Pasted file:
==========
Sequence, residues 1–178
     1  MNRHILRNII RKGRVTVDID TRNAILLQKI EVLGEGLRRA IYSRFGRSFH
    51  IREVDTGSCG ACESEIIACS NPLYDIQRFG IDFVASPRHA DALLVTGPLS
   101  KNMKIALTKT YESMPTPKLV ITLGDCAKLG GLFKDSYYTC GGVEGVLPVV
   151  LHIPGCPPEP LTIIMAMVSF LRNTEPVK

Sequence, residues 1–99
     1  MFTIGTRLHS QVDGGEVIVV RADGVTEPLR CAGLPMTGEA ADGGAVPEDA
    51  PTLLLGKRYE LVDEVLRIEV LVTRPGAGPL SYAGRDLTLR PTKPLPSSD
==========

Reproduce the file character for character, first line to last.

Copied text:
Sequence, residues 1–178
     1  MNRHILRNII RKGRVTVDID TRNAILLQKI EVLGEGLRRA IYSRFGRSFH
    51  IREVDTGSCG ACESEIIACS NPLYDIQRFG IDFVASPRHA DALLVTGPLS
   101  KNMKIALTKT YESMPTPKLV ITLGDCAKLG GLFKDSYYTC GGVEGVLPVV
   151  LHIPGCPPEP LTIIMAMVSF LRNTEPVK

Sequence, residues 1–99
     1  MFTIGTRLHS QVDGGEVIVV RADGVTEPLR CAGLPMTGEA ADGGAVPEDA
    51  PTLLLGKRYE LVDEVLRIEV LVTRPGAGPL SYAGRDLTLR PTKPLPSSD